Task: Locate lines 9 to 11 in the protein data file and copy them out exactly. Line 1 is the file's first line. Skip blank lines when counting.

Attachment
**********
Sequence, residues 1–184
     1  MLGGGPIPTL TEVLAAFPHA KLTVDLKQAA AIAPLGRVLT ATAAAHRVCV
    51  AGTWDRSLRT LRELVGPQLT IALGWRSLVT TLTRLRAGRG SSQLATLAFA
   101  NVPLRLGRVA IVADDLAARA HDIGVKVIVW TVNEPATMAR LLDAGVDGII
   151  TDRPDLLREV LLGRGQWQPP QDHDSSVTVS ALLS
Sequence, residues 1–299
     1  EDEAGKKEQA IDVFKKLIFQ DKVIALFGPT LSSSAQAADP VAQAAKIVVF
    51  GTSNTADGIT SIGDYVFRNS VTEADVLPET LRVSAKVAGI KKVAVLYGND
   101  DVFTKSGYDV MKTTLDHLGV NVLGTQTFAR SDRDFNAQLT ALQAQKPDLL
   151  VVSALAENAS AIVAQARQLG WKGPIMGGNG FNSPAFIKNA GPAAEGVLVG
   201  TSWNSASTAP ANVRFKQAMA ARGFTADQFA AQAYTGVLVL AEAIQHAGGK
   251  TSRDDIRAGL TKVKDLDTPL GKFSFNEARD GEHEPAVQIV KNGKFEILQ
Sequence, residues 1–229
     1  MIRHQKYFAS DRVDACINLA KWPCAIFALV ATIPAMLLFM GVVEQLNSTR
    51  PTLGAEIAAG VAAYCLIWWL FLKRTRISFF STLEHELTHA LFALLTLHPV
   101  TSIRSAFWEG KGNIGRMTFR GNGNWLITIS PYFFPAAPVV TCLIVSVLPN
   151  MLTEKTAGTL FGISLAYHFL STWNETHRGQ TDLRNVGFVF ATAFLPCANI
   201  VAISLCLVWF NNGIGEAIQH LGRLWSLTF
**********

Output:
   101  DVFTKSGYDV MKTTLDHLGV NVLGTQTFAR SDRDFNAQLT ALQAQKPDLL
   151  VVSALAENAS AIVAQARQLG WKGPIMGGNG FNSPAFIKNA GPAAEGVLVG
   201  TSWNSASTAP ANVRFKQAMA ARGFTADQFA AQAYTGVLVL AEAIQHAGGK